‘‘I started smoking at 11 years of age. I suppose at the time it was because my mates were all smoking and we used to buy singles at the petrol station. By the time I was in first year I was buying a packet of 10, spending my money on cigarettes instead of lunch. The habit gradually crept up on me then. I couldn’t imagine myself going through the day without smoking. It was an addiction but I didn’t see it like that. I enjoyed smoking. I liked the flavour and the sociable aspect of it, as it was a lot more sociable years ago.
‘‘By the time I reached fifth year I was smoking 20 a day, though at weekends, that probably went up to 40 a day if I was having a drink. I never really thought about the detrimental effects it could be having on my health. Of course I’d seen the anti-smoking ads and the warnings on the packets but I was addicted, so I turned a blind eye.
‘‘Then in 2009 I just got fed up with smoking and decided to quit. I managed to stop for a year. But I wasn’t in the right mind-set to stop. I put on five stone because my appetite increased and I was eating more food in place of the cigarettes. I remember being on a skiing holiday and we were in an Austrian hotel. People were smoking around me and I could smell it, so I went out and bought myself a packet of cigarettes. I also remember leaning over to tie my ski boots and not being able to reach down because I’d put on so much weight. That also influenced my decision to go out and buy the cigarettes. Within six months I was back to my normal size again.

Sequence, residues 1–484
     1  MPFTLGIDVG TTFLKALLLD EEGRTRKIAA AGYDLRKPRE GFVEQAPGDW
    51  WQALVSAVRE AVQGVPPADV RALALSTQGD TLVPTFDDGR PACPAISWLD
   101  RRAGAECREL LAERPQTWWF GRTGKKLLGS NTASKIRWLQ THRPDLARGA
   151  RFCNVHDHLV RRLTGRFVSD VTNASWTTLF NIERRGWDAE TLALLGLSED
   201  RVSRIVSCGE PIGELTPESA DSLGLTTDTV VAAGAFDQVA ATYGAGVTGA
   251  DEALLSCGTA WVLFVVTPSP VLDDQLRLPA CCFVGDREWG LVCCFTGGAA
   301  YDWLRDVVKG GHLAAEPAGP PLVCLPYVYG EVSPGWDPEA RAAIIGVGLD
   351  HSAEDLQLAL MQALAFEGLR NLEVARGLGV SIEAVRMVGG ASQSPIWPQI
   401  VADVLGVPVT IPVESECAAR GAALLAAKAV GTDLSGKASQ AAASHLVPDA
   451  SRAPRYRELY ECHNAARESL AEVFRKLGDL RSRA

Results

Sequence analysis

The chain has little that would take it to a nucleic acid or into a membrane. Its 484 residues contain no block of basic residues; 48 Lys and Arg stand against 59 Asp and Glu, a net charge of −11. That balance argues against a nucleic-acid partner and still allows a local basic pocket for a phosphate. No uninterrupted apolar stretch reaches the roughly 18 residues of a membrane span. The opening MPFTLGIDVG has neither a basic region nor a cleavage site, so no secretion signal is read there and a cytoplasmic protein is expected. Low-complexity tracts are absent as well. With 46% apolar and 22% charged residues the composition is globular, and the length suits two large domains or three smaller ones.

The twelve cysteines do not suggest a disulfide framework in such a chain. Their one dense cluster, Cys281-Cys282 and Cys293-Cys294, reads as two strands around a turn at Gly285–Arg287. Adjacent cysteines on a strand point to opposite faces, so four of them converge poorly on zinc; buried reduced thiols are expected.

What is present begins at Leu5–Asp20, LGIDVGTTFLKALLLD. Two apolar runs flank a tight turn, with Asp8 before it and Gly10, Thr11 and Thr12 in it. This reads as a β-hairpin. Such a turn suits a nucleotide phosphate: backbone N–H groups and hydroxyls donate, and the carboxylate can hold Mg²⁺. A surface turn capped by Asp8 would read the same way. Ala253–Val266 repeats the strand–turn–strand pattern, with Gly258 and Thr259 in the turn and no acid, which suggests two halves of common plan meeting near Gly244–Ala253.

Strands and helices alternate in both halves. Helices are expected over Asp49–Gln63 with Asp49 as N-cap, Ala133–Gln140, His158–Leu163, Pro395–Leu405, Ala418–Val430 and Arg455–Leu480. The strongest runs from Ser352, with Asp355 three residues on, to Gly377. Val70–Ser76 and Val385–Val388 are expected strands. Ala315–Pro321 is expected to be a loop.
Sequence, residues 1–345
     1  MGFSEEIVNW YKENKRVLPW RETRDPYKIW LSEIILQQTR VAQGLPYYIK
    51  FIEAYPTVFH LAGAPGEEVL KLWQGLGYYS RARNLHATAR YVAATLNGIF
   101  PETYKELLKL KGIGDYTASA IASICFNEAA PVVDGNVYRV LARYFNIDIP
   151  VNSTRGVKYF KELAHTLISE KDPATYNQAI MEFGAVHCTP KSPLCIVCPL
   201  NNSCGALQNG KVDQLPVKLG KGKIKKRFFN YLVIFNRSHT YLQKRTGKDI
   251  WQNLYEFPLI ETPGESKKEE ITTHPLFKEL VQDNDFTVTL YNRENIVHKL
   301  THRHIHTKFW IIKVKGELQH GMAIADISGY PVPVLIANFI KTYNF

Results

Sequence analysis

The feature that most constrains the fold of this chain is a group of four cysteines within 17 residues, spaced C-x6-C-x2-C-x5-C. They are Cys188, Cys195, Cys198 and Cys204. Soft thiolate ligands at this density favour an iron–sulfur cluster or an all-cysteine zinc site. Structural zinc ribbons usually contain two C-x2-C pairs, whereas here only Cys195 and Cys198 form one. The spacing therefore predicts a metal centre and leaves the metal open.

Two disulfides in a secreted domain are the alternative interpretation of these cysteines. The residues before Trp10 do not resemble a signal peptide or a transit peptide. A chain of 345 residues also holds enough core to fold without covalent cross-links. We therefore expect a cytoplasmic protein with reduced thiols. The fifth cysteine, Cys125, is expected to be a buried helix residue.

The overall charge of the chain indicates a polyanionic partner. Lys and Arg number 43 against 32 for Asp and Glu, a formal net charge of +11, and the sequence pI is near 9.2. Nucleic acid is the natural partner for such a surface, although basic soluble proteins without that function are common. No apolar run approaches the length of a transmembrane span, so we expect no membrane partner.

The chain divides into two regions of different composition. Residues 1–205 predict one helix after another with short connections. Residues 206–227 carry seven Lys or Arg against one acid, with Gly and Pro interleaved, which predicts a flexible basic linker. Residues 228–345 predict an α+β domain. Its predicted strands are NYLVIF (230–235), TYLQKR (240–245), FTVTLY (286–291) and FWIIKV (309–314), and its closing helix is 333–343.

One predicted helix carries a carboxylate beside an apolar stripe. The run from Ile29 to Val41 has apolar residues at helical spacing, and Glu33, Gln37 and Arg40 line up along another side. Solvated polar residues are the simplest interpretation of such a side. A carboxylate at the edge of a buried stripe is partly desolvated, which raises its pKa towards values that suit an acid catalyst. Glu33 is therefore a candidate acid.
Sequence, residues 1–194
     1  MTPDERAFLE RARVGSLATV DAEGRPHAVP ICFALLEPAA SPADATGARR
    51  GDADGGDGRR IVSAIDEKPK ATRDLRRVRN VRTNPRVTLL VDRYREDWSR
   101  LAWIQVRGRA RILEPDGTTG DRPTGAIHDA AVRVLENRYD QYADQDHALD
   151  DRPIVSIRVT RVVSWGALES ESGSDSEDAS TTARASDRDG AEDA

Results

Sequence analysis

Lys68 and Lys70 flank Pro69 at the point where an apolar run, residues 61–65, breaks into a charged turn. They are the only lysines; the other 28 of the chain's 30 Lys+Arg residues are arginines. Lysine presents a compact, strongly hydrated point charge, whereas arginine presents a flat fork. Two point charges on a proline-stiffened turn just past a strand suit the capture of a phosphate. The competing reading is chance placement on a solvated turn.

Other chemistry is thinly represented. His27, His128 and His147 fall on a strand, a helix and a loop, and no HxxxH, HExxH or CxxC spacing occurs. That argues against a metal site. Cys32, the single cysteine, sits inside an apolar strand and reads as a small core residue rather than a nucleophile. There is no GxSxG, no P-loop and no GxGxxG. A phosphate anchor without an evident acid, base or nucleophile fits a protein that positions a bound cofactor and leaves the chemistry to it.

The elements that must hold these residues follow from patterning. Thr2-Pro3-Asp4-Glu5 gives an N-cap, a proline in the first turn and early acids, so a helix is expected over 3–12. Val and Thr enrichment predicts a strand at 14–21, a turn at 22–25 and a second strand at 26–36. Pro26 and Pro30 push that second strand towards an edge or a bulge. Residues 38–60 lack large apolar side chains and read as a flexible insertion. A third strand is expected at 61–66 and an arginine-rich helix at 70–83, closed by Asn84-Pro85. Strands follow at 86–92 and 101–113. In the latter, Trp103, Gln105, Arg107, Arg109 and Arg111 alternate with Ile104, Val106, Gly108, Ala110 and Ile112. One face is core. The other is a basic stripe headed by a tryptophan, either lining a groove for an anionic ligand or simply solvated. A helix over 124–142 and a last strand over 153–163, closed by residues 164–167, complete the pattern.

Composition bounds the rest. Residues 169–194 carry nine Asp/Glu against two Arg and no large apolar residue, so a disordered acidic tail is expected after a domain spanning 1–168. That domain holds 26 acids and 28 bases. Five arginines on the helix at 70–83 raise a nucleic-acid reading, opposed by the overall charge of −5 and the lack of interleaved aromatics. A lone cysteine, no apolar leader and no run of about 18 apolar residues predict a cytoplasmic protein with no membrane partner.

‘‘I know now that it was all down to the way I approached giving up smoking. The second time I quit, my thought process was completely different and I had the help of a great book, The Easy Way To Stop Smoking by Allen Carr. It sets you up psychologically for success by telling you it’s not difficult to stop smoking. The marketing around smoking may not be visual now but there’s still a lot of hype around stopping and smokers are led to believe that it’s really tough to quit. One you realise this isn’t the case, it becomes easier. He also compares smoking to putting your lips on an exhaust pipe and inhaling, which is basically what you’re doing, just a different context. ‘‘The toughest part of quitting is up until day three but by day 21 you’re no longer addicted. That’s only three weeks out of your life. When you think about it like that, it makes it a lot easier. I’d quit smoking by the time I’d finished the book. People fear giving up but it’s all down to you having the right mind-set. I haven’t smoked since, not even one.
The other thing that really helped me was the Android app QuitNow! Pro, which tells you the date you stopped, the money you’ve saved and the health benefits. I’ve saved £13,900 from stopping smoking! And when it comes to health benefits, I’m now 100% on all of them, bar lung cancer but I’m 67% of the way to being the same as a non-smoker when it comes to the risk of developing lung cancer.
Of course, Jason says when it comes to giving up cigarettes, everyone is different.
‘‘What works for some may not work for others, but anyone looking for advice on how to quit should look up Cancer Focus NI’s website cancerfocusni.org/cancer-prevention/smoking/.’’